Let it snow…

Needhamby Colonel Phil Needham –

Earlier on the day of this writing, Cadet Holly Needham, our youngest, called to tell us that snow had fallen in Atlanta the night before, leaving not only a glowing white carpet over the landscape, but treacherous roads as well. (Atlanta is poorly prepared for its infrequent snows. One inch practically shuts down the city.) Cadet field activities would be canceled. A gracious respite! (Chance to catch up on a class assignment–after a little snow frolicking, of course.)

I remembered how our daughters, when younger, used to get their hopes up when the weatherman predicted the possibility of snow that night. If snow came with any conviction, school would be canceled for the day. No trouble to awaken Heather and Holly the next morning: they would be up before dawn, holding their breath in hope that the emerging light in the fading night would reveal that coveted carpet of purity. If it so happened that their hopes were fulfilled, they would let out squeals of laughter and leap through the house. Oh, glorious reprieve!

I have to admit I was the same when I was their age. It wasn’t that I didn’t like school. I did–for the most part. But there was something about the way the snow transformed the world with its covering beauty, calling everything to a halt, as if to say, ‘Stop your routine and take this in.’ It was an invitation to discover a different kind of day. To relax. To let the world take you into its hope.

In one of the carols you probably sang this Christmas season, Edward Caswall summons us to look amid the winter’s snow and there see ‘redemption’s happy dawn,’ the long-standing promise fulfilled.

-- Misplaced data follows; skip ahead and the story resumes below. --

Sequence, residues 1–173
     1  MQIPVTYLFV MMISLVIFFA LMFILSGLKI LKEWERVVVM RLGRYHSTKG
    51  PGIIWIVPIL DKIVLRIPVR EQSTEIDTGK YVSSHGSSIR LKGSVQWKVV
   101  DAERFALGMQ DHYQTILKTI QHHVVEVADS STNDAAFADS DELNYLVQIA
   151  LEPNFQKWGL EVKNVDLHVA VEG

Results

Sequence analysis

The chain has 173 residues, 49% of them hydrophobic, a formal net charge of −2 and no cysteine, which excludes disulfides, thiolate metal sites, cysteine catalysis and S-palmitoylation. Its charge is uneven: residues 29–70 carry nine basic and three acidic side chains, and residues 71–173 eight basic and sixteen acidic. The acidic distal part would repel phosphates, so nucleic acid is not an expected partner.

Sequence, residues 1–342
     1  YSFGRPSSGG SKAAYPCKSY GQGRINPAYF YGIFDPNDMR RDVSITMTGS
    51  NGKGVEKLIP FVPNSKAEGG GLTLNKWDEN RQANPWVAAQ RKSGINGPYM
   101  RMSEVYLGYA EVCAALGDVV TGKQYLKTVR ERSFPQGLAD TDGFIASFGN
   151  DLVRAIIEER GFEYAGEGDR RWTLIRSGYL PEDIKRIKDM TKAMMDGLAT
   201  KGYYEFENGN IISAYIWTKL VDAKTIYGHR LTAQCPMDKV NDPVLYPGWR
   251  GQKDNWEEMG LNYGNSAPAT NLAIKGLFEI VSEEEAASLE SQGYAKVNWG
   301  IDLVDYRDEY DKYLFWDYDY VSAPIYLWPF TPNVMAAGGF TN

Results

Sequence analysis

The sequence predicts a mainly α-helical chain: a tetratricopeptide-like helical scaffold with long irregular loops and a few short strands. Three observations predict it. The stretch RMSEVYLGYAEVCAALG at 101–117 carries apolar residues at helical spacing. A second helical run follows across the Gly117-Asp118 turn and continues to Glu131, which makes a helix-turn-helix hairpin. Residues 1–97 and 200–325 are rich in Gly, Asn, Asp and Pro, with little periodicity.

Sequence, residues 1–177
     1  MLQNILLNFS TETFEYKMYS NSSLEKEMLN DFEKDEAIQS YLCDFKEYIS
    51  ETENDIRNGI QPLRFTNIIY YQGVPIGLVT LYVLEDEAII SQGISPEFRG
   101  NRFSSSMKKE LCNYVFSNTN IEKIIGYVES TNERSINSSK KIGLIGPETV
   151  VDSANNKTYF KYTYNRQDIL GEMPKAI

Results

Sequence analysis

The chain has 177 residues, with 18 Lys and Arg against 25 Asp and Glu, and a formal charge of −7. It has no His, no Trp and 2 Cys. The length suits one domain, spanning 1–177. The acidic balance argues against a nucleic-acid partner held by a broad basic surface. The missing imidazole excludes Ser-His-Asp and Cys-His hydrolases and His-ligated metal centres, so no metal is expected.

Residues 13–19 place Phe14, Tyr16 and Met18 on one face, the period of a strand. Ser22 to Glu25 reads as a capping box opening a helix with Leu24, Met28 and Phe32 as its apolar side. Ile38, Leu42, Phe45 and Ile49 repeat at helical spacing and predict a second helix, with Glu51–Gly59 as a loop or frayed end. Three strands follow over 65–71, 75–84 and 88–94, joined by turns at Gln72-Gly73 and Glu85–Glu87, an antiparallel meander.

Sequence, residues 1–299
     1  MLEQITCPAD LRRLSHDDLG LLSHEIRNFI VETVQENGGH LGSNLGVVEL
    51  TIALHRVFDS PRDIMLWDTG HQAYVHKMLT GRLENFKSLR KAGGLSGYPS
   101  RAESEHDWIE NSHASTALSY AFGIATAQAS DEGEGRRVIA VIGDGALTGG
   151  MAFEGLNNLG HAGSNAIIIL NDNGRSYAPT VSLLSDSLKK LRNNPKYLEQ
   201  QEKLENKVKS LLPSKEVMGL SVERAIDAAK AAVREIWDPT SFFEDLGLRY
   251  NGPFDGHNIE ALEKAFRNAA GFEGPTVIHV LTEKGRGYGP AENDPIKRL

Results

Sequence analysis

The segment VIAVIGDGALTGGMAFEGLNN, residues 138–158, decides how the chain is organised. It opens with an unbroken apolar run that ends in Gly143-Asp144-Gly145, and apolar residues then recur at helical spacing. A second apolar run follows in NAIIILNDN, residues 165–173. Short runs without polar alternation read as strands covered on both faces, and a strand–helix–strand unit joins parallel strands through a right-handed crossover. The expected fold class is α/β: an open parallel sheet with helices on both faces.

Pierre Elliott Trudeau looked into the snow one day and saw something very different. It was 1984, the year he resigned as prime minister of Canada. Here is how he described the day of his decision:

It seemed like a good day to have a last day…I went out to see if there were any signs of my destiny in the sky. But there weren’t; there was nothing but snowflakes.

He read the falling flakes as a sign that he had no future in the politics that were his passion. Perhaps he also read his despair over failed marriages. Years later his beloved son Michel was killed in a freak cross-country skiing accident. People observed that this loss transformed Trudeau from a vigorous elder statesman to a broken man. More snowflakes of despair. He died this past September.

I have vivid memories of Trudeau’s ascension to the most powerful post in the Canadian government. Never had Canada’s prime minister drawn such attention from the media. With his beautiful flower-child wife of that era, he was the darling of politics, the symbol of a new era. Media guru Marshall McLuhan described him as the ideal candidate for the television age — cool and cerebral with ‘the perfect mask.’ (LA Times, 9-29-00)

But on that cold day in 1984, he saw the end in the snow. The gathering blanket, obliterating his calling and robbing him of his passion.

How different the meanings of the same thing! To one a thing like snow means a gracious reprieve, to another a final end. To one the pure herald of redemption’s happy morn, to another the accumulating weight of cold despair.

And so we go through life, surrounded by epiphanies of one sort or another–manifestations of hope, or despair. The meaning is in the eye of the beholder.

We, all of us, are surrounded by those epiphanies (literally, ‘appearings’). God shows up, and those with eyes to see and ears to hear know his coming, and they squeal with delight, or catch their breaths in wonder.

It’s been that way ever since ‘the grace of God…appeared (literally, in the Greek, ‘epiphanied’), bringing salvation to all (Titus 2:11). We are now in the Epiphany season of the church calendar. Magi saw epiphany in the star that led them to the manger of their hope. Where will epiphany lead you? Will you take the time to see the incredible hope that lies before you?

On the cusp of this new year, let’s pledge together to be like children at the morning windows, looking out into the snow of God’s promise, then running outside together to roll in the ecstasy of a new world covered in good news and to dance ‘redemption’s happy dawn.’ Let’s not allow despair to take us. Let’s give ourselves completely to the God of all hope and let him take us into his different day.

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